Macro-scale demonstration of the Conjunction Fallacy

Following the death of the great Daniel Kahneman.

In 2010 I reached out to Daniel Kahneman — my only personal interaction with him — for his opinion on the peculiar macro-scale demonstration of the Conjunction Fallacy or CF (sometimes known also as the Linda Problem), which I noticed to have taken place in Israel in the debate about a proposal to amend Israel’s naturalization oath. 

Background

Conceptually and experimentally, the CF refers to individual decision-making. 

How to meaningfully extend it to a group, as a manifestation of collective decision-making or individual decision-making in a group context? 

Instead of a direct answer, consider not an experiment but an actual event taking place over a decade ago that exhibited a CF pattern: the controversy over a bill purporting to amend Israel’s naturalization oath.  

Israel’s original 1952 naturalization law prescribes an oath to be taken by the prospective citizen: “I declare that I shall be a faithful citizen to the State of Israel.” 

In 2010, a member of parliament attempted to amend that law by appending to the prescribed oath, “…as a Jewish and democratic state.”  

The question divided opinions neatly: the proposal (which did not become law) was supported by right-wingers, opposed by left-wingers, and started a national drama that did not fail to attract considerable international attention. 

The political sentiments, however, would seem misplaced considering that the proposed qualifiers “Jewish” and “democratic” are conditions to be met for the loyalty to be in force. Should Israel not be democratic (or Jewish), the oath taker is to be relieved from the obligation. The more conditions set out, the less restrictive the oath is— the more liberal it is.  To see that the rationale holds, think how awkward a wedding pledge to be “faithful to you as lovely and beautiful” sounds. (The formulation “You are x and y. I will be faithful to you” would be better, but the uneasy undertone of conditional still lingers.)

Contrary to their intentions, the right-favored amended oath is in fact more progressive than the original formulation (which is still law), which speaks of loyalty to the state without reservation, an uneasy formula for liberal democracies, in which allegiance is routinely made to the constitution, as is the case in the U.S., or to the sovereign, as in the U.K.  The liberal democratic formula is loyalty to the spring of government’s authority rather than to the state, which the government serves.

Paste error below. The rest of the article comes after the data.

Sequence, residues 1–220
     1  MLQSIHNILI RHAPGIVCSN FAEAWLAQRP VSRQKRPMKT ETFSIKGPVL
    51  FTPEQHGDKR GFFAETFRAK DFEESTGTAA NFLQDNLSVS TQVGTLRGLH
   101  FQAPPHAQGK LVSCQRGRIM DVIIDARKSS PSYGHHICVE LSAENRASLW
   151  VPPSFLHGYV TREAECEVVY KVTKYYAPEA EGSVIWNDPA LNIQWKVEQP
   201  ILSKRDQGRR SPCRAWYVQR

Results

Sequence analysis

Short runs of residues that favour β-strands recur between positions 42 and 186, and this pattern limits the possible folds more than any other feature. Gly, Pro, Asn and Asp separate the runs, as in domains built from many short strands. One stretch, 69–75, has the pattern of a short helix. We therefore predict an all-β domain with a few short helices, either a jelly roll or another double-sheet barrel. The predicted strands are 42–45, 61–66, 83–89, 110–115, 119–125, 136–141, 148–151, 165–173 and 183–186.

Practically no one who publicly identified with either of the sides on the question (liberal-minded experts in statistics and in decision-theory were among the opponents) seemed to form their opinion in accordance with the logical constraints. 

Kahneman replied

(I think it’s fine now to publish this private correspondence)

I have not monitored the debate – it makes me sick.  And I don’t want to weigh in on it.  If the wording says Ki-medina Yehudit (I translate from your translation) then you are certainly right, but this is linguistics and I have no special expertise on it.

What to make of it? 

We can explain the macro-scale rationality failure with the simple observation that the oath text was not interpreted as an oath, but as an expression of personal opinion, the answer to the question, “what would you like the object of your loyalty to be?”

This guarantees internal consistency: in the political theater that ensued, both sides played their roles with remarkable consistency and without consequence.  The debate died down; the bill had not become law; no one seemed to care whether the bill would become actual policy; no one seemed to care that Israel lacked a naturalization policy and that the naturalization oath — in whatever form — was not —and was not expected to be —administered. 

If the oath brouhaha obviously lacks the refinement of a controlled experiment, it suggests that a group setting under certain conditions may enhance the CF effect (irrationality crowds out rationality).  

What do we learn from the Conjunction Fallacy?

I propose next a possible lesson to draw from the robustness of the CF effect as demonstrated by the growing and sophisticated body of research since Tversky and Kahneman first reported their findings: in the tradeoff between accuracy and precision, people tend to the latter.  

In more detail:

  1. Statements are assumed heuristically to be accurate, i.e, assumed to be hypothetically and tentatively true as a prerequisite for meaningfulness. They are even mentally edited to support accuracy; no decision or judgment of accuracy is usually needed but a statement would be judged inaccurate only given a compelling reason to do so (asymmetry).
  2. Accuracy is hypothetical, theoretical or tentative: language conjures a reality. Linda never existed, and it never mattered.
  3. The CF arises because the comparison of different statements in a given context according to their accuracy (which is assumed) is awkward. Moreover, a good experiment design takes pains to place competing statements on a similar footing as to minimize variance beyond the detail of interest, and thus unwittingly exacerbates the problem by suggesting a shared context (it is like reading one uneven article vs two different articles: comparison of standards is easier in the latter).
  4. The first moment of meaningfulness is precision.  Accuracy is but a precondition for meaningfulness. In other words: we assume language to be accurate enough, and use it to convey information.